Facebook continues to lead the social networking market, but it assumes that all “friends” speak the same language. Last year, Facebook helped bridge the language gap between people when it acquired Instagram, which allows people to communicate visually, independent of human language. Now Dudu.com attempts to provide a single meeting place for people, even if they speak different languages. Dudu provides automated translation services for English, Russian, and Arabic speakers. Mobile apps for both Apple IOS and Android devices are available for free.
Dudu is based in Dubai and hosted in Germany. Last year, they paid $1 million for the dudu.com domain name.

Dudu.com was on-line a few days ago, but today its DNS record in the U.S. has been clobbered, and while a server responds to pings sent to its IP address (, its webserver doesn’t serve pages, at least when trying to connect from a U.S.-based IP address. When connecting via a proxy server in France, though, it does work. Why? I don’t know. It’s not a good sign, especially for an enterprise that spent all that money on its domain name. Maybe there’s no money left for server security.

Visit my website: http://russbellew.com
© Russ Bellew · Fort Lauderdale, Florida, USA · phone 954 873-4695

Common Crawl provides public access to its huge web index.

Google is a powerful search engine, as are Bing, Yandex, et al, but they’re all proprietary: their spiders crawl the web and vacuum-up information which they store within their own walls. (Google calls its web index BigTable.) Yes, we can use their search engine user interfaces, but exactly what algorithms they use remains proprietary and for the most part, secret.

SpiderCommon Crawl Foundation (Commoncrawl.org) was created in 2007 with the goal of crawling the web and making the discovered information available to the public, to do with as it pleases. Common Crawl claims to have stored about six billion web pages in their index and they publish a free library of program code to access it.

Applications that use the Common Crawl index are beginning to appear. Lucky Oyster uses the Common Crawl index to reveal previously hidden social networking relationships to users.

MIT’s Technology Review published an article recently that speculates that, thanks to Common Crawl, now Google-scale start-ups can get underway without having to crawl the web themselves, dramatically reducing their need for capital. Walled gardens such as Facebook and LinkedIn block spiders from crawling their sites — they’re all about locking up information. It’ll be fun to watch the tug of war between the proprietary and the open model in the web search arena, My money is on the open model.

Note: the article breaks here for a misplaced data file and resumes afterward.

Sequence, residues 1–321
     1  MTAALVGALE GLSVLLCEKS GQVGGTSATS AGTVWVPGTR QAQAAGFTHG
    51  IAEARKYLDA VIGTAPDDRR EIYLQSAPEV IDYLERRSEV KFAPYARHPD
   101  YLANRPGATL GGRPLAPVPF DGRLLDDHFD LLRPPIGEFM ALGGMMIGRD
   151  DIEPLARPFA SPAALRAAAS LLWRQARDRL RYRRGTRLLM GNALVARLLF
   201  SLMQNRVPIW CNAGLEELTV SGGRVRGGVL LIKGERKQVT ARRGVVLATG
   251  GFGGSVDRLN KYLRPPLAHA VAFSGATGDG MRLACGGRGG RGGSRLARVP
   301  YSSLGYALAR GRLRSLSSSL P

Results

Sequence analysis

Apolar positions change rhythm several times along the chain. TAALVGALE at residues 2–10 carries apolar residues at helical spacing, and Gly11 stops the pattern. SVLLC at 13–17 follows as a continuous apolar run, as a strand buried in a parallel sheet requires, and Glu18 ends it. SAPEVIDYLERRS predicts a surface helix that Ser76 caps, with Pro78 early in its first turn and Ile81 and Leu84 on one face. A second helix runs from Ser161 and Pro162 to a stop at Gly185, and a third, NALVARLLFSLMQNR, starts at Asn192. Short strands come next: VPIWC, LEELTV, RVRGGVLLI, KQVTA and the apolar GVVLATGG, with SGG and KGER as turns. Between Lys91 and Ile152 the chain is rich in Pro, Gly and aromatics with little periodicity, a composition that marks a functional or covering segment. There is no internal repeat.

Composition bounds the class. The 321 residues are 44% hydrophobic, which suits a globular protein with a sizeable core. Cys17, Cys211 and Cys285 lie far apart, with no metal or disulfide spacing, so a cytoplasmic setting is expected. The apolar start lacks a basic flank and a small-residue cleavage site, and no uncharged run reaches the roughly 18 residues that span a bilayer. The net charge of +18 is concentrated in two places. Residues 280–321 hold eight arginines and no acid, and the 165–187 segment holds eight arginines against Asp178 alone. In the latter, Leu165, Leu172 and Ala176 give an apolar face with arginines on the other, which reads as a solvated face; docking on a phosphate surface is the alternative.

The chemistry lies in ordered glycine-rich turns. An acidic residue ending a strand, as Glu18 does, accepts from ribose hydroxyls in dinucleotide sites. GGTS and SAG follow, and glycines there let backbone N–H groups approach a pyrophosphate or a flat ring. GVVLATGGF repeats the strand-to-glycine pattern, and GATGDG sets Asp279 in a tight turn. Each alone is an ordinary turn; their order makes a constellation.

Visit my website: http://russbellew.com
© Russ Bellew · Fort Lauderdale, Florida, USA · phone 954 873-4695

View web statistics.

Would you like to see how operating systems ranked in popularity across the web during the past month? You can see that and more web client statistics here. Statcounter.com gathers and displays data on

Operating systems stats Browser
Browser Version
Mobile Browser
Operating System
Mobile OS
Search Engine
Mobile Search
Mobile vs. Desktop
Screen Resolution
Mobile Screen Resolution
Social Media
Mobile Vendor (Beta)

These data are collected by three million websites across the globe. Read statcounter.com’s FAQ.

Visit my website: http://russbellew.com
© Russ Bellew · Fort Lauderdale, Florida, USA · phone 954 873-4695

Office Live is dead, mostly.

Microsoft tries a slightly different approach to keeping MS Office, their cash cow, healthy.

drawing: Microsoft

In 2007, Microsoft offered a fantastic deal: sign up for Office Live Small Business, register a domain name with them, host your modest website with them, create a blog on their platform, and share Office documents with your colleagues — all for little or nothing. I’ve been hosting my website and email there since 2007. They offered enhancements, including a storefront, for modest monthly fees. The collaboration portion was supposed to sell more copies of Microsoft Office.